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Suppose I have two classes, Input and Output, which are designed to be connected to each other. Output produces values of some type, and Input consumes them.

class Input[T] {
  var output: Option[Output[_ <: T]] = None
class Output[T] {
  var input: Option[Input[_ >: T]] = None

It's okay if an Input and Output pair don't operate on the same kind of value as long as the Input type parameter is a supertype of the Output type parameter. Note that the type parameter in both classes is invariant; in the real versions it is used in both co- and contravariant positions.

I have a connect method elsewhere which sets up a link between an Input/Output pair:

def connect[T](output: Output[T], input: Input[_ >: T]) = {
  output.input = Some(input)
  input.output = Some(output)

If I call this method as below, I get a type error:

val out = new Output[String]
val in = new Input[AnyRef]
connect(out, in)

The error is:

test.scala:17: error: type mismatch;
 found   : Output[String]
 required: Output[AnyRef]
  connect(out, in)

I can resolve this by writing out the type parameter (in this case, I would write connect[String], but I think the compiler should be able to figure this out for me. How can I change the connect method so that the type parameter is inferred automatically?

Edit: For now, I've made connect a method of Output so it gets the type parameter automatically. This also has the added benefit that I can use the infix notation out connect in, but the design feels a little awkward.

I am still interested in why the compiler exhibits this behavior. I feel like it should be able to infer the type parameter. Is this actually working as specified?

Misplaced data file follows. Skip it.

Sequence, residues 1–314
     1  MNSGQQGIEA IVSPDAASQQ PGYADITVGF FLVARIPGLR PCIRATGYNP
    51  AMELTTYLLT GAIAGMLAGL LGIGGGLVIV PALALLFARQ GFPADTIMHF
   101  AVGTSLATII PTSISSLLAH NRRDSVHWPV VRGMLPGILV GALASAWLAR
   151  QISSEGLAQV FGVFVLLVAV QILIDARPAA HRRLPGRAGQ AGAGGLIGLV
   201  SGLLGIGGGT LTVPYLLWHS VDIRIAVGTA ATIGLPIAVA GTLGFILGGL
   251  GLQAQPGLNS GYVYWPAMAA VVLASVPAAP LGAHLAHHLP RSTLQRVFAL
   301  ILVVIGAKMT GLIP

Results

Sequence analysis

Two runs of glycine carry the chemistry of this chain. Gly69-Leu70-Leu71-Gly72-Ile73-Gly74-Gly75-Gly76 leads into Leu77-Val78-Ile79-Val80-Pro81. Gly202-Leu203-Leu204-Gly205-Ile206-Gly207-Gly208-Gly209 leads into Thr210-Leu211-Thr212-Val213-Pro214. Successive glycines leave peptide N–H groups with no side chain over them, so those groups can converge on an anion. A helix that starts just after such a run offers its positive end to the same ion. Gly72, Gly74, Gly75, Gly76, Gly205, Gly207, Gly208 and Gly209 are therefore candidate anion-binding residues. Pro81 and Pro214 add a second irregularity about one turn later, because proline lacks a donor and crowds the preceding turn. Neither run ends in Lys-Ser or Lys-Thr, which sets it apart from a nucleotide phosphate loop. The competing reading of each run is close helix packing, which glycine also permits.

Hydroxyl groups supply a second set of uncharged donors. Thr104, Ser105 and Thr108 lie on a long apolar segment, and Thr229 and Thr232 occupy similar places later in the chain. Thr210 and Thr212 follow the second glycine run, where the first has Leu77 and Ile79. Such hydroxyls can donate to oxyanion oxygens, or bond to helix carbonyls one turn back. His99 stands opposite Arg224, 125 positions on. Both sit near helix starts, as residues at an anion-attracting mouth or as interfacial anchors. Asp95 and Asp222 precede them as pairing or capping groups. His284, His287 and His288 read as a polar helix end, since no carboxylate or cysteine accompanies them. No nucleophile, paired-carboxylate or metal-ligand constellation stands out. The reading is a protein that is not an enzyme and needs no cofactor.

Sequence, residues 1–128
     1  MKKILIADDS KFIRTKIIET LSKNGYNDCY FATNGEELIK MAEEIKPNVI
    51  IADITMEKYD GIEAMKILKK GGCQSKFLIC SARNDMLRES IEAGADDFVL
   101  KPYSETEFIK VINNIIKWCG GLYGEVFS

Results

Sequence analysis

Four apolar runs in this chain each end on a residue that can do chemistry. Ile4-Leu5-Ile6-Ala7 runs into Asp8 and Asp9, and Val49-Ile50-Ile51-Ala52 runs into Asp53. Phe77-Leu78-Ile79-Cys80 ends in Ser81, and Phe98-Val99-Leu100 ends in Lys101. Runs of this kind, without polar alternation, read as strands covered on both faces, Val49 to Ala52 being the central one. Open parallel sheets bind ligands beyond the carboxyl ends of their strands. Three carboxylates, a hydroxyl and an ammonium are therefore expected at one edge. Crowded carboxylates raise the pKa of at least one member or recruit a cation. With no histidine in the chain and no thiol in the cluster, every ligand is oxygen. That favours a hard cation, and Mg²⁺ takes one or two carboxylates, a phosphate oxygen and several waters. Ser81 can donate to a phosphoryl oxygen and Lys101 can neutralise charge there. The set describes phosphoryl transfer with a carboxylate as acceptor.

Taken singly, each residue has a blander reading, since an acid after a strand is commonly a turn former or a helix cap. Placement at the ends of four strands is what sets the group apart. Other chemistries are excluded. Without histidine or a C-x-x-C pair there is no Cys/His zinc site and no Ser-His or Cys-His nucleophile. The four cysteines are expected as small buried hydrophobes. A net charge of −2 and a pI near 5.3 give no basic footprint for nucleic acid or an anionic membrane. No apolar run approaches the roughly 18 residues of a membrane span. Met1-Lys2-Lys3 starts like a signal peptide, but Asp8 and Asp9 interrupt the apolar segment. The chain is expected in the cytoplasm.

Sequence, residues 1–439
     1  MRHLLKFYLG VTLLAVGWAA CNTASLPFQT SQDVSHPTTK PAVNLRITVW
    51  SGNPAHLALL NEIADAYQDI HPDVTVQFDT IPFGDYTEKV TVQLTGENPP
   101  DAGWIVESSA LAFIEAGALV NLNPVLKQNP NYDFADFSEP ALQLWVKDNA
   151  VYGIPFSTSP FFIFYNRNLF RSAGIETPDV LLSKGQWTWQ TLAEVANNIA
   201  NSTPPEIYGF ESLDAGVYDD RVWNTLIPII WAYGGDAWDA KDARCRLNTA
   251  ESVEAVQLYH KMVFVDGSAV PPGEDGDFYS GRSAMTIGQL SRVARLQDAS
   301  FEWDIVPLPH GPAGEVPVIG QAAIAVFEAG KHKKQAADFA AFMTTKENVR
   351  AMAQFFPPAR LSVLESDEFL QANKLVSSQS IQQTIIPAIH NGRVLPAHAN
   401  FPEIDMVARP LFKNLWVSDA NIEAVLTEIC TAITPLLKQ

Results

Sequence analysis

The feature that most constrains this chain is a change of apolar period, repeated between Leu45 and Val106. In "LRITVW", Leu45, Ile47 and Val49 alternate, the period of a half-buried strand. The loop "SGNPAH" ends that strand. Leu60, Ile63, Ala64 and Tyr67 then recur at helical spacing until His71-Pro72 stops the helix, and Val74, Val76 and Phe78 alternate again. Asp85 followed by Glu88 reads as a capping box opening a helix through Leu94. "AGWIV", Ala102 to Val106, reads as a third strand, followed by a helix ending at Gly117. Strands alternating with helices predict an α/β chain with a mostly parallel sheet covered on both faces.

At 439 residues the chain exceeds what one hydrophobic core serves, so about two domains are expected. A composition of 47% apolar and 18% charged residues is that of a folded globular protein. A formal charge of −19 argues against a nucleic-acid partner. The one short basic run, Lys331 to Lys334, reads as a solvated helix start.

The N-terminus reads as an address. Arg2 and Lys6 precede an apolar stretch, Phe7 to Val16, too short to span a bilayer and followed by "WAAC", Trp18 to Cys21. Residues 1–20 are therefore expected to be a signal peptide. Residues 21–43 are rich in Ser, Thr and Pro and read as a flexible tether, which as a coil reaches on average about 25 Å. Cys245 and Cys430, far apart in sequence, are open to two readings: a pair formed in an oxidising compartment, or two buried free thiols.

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did you mean "don't operate on the same kind of value" – Rich Seller Jul 26 '09 at 19:17
have you tried asking the question to Scala mailing list? – GClaramunt Jul 31 '09 at 18:30

You will sometimes get better results if you use multiple parameter lists:

def connect[T](output: Output[T])(input: Input[_ >: T]) = {
  output.input = Some(input)
  input.output = Some(output)


...and indeed in this case, it works.

share|improve this answer
Can you expand on why this is? "sometimes get better results" doesn't sound very deterministic! – oxbow_lakes Jul 27 '09 at 12:03
Sadly, the type inferencer isn't spec'ed, and sometimes isn't deterministic either. – Jorge Ortiz Jul 28 '09 at 3:17

I may be totally wrong, but I think the problem is when you tie together the input and the output: the input has an output restricted to a subtype of T, but the output has an input restricted to a supertype of T, the only type that can satisfy both conditions is T.

Input[T] -> Output[ _ <: T ]
Output[Q] -> Input[ _ >: Q ]

When you create the input with the output (replacing Q with _ <: T )you get:

Input[T]->Input[ _ >: [_ <: T] ]

The same as

Input[T]->Input[ _ <: T <: _ ]

Hence the type mismatch

share|improve this answer
In my example, String and AnyRef satisfy my constraints. The Output produces Strings and requires an Input that consumes some supertype of String. The Input consumes AnyRefs and requires an Output that produces some subtype of AnyRef. Since String is a subtype of AnyRef, the constraints are satisfied. – Jay Conrod Jul 27 '09 at 18:26
The problem is that there is exactly one appropriate type parameter for connect, and that is the type parameter of the Output. When I specify this explicitly, it works fine. If I don't, it tries to use the type parameter of the Input, and I get a type error on the Output argument. – Jay Conrod Jul 27 '09 at 18:28
Sorry, I misread the Input[_ >: T] in the signature of connect[T]( – GClaramunt Jul 28 '09 at 16:30

Actually scala type inferene can't handle "recursion" for now. So if type of argument can be infered only in collocation with other argument scala fail to inference. But if you use differnt argument list scala f(a)(b)(c,d)will infer types list by list, so it usally works better.

PS It is oversimplified, but can get you some clue.

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